Offcuts: More Melted Tools By: Don Heisz

A few days ago, while at work, a guy was watching me use my new brushless cordless grinder. He came over and asked me how it was.

“I don’t really know, yet,” I told him, “I just bought it a few days ago.”

“How much was it?” he asked.

“It was about $160 with no batteries,” I told him. “All I can say about it right now is that it’s really quiet.”

“I noticed that,” he said. He was a sheet-metal worker, a duct guy, a tin banger, now called an HVAC technician, like that means anything more or less, and so used to noisy grinders. And there’s practically nothing noisier than a grinder cutting a duct.

“I had to get it to replace one that stopped working,” I said, “I had one for quite a while and it stopped working. I thought the brushes were worn out but it was faster to just get another one than order brushes or bring it somewhere to get them replaced. So, I got one just like it and it didn’t last very long at all.”

“No? Why not?”

“I thought the brushes went in it but when I tried to check that, I couldn’t get the plastic caps that cover the brushes off.”

broken cordless grinder

Above, you can see the damage heat inflicted on the poor, defenseless plastic cap.

“I saw that the plastic caps that cover the brushes had actually melted and run right down to the commutator. ”

“Wow,” he said.

broken cordless grinder

Above, you see what happened after I smashed off the plastic cap and tried to pry out one of the brushes. Below, you see it would not come out.

broken cordless grinder

“Yeah, so two grinders with plastic melted down into the motor. They both work otherwise. Well, they can’t actually work because of the plastic but I mean that’s all that’s wrong with them.”

“Why would they make covers that would melt?”

“Well, this one is brushless. So, there’s no danger of the brush covers melting. That might make it last longer.”

broken cordless grinder

Above, you see the motor which has a large amount of ground steel attached to every magnetic surface. (Note the rust – that is the result of being in water when my basement flooded.) Below, you see the plastic brush housing.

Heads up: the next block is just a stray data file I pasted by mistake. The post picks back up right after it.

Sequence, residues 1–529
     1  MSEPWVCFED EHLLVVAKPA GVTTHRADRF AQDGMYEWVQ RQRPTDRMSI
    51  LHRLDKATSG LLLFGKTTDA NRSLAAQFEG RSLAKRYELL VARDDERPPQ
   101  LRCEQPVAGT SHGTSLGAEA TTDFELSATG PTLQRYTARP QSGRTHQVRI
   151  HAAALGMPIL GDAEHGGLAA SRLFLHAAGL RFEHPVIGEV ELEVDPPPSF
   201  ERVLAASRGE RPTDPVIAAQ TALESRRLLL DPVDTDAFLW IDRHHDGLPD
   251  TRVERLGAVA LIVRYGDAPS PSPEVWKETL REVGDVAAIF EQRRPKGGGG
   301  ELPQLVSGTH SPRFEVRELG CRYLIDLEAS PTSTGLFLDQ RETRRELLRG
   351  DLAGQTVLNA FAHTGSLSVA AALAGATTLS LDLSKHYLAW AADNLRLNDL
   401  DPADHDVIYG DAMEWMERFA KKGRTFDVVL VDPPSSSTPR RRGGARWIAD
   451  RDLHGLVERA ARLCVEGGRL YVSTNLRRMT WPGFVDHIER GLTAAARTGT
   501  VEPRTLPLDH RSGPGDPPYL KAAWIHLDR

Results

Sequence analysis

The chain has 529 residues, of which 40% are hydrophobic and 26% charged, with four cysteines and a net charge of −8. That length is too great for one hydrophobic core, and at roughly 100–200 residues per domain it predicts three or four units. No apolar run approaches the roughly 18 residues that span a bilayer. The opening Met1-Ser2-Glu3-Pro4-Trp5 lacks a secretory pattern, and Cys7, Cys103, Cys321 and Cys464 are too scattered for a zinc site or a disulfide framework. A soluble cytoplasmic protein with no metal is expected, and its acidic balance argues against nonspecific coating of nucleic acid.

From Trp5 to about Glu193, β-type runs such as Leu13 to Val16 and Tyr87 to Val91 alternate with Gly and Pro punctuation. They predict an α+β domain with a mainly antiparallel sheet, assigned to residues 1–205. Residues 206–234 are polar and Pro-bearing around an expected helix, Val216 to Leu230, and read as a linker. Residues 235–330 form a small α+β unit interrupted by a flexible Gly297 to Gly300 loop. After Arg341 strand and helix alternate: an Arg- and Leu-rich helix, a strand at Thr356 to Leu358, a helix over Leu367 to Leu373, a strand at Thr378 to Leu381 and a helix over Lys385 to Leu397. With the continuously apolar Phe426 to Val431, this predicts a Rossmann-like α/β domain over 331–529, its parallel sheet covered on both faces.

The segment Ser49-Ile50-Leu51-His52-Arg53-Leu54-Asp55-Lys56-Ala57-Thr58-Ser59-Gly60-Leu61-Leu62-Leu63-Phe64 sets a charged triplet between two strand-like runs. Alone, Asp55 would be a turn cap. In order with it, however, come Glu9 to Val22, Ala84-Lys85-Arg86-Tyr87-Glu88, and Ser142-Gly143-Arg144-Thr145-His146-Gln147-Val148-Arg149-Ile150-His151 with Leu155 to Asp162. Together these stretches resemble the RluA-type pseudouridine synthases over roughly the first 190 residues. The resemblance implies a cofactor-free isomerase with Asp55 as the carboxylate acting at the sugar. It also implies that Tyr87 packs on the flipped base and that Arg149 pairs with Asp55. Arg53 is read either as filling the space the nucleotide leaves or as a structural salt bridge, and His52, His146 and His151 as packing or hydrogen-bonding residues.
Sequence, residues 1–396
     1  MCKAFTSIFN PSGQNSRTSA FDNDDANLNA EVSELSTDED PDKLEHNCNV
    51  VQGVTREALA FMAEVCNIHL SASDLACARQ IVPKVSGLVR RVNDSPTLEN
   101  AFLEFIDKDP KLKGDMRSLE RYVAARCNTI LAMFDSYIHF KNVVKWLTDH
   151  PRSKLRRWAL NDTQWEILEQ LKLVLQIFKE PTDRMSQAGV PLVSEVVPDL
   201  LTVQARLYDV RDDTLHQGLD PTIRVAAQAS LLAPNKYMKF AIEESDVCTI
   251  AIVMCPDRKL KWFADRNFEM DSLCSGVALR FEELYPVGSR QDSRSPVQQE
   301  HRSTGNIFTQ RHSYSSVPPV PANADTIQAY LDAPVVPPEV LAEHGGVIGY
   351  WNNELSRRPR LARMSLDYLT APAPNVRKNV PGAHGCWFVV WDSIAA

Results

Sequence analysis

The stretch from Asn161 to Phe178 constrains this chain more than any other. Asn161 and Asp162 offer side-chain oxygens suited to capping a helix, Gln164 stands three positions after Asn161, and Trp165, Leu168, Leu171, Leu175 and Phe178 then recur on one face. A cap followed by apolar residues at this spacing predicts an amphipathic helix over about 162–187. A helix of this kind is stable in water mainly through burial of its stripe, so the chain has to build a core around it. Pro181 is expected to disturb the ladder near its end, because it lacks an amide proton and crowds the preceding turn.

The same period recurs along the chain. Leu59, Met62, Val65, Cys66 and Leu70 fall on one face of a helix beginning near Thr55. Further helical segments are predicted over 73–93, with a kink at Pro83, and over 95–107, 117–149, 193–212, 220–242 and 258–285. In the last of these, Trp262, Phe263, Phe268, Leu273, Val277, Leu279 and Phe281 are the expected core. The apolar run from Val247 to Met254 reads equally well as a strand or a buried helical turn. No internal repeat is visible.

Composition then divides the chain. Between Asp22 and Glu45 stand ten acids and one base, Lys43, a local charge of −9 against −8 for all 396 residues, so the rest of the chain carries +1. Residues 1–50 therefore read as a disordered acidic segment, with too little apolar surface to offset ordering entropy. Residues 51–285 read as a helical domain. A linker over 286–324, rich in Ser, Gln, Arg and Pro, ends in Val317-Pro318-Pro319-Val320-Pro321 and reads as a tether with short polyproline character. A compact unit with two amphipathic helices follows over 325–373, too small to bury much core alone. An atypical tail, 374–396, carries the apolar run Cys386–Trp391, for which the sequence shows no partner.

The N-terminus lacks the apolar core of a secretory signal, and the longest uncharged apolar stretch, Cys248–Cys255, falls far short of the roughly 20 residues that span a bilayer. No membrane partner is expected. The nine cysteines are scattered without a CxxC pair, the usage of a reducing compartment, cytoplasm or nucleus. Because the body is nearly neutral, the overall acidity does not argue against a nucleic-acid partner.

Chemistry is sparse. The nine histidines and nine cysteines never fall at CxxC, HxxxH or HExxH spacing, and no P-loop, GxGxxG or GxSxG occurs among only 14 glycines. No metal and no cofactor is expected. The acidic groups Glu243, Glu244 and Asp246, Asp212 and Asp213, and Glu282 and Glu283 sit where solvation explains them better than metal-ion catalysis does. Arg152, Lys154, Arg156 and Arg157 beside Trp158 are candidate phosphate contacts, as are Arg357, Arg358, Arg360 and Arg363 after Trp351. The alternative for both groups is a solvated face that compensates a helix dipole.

broken cordless grinder

Anyway, some of you may recall I wrote about melting tools previously. At that time, I only knew that I could not remove the brush caps on either the grinder or the circular saw. Now, I still have not checked the circular saw, other than to confirm I can’t remove the caps, but I expect it has suffered the same problem. The saw, however, was, in my opinion, abused. It was used to cut some long strips of aluminum and that made it heat up quite a bit more than it should.

You know, a tool might be able to do something, but that doesn’t mean it should. In this instance, that saw can cut aluminum, but the toll on it is too heavy.

The grinder, however, is another matter. You should be able to use a grinder without it self-destructing. A grinder grinds and cuts metal and that is what these ones were doing. If there were special instructions saying “Use for 2 minutes, let rest for 20” I would likely not ever buy it.

broken cordless grinder

Above, you can clearly see the melted cap plastic around the brush holder, but the white plastic itself is not really very melted – it’s obviously a superior plastic. Also note the carbon is cracked, but I have no idea what did that.

In this instance, it’s a problem that could be solved by making caps out of metal or Bakelite or any of a hundred heat-resistant plastics. Or, for that matter, stop making the tools out of junk and put a few pennies in where it counts. Why is there plastic that can melt into the motor?

I’m sure some other problem awaits the new “brushless” grinder. Maybe the rats that run on the wheel inside it will die after a few months.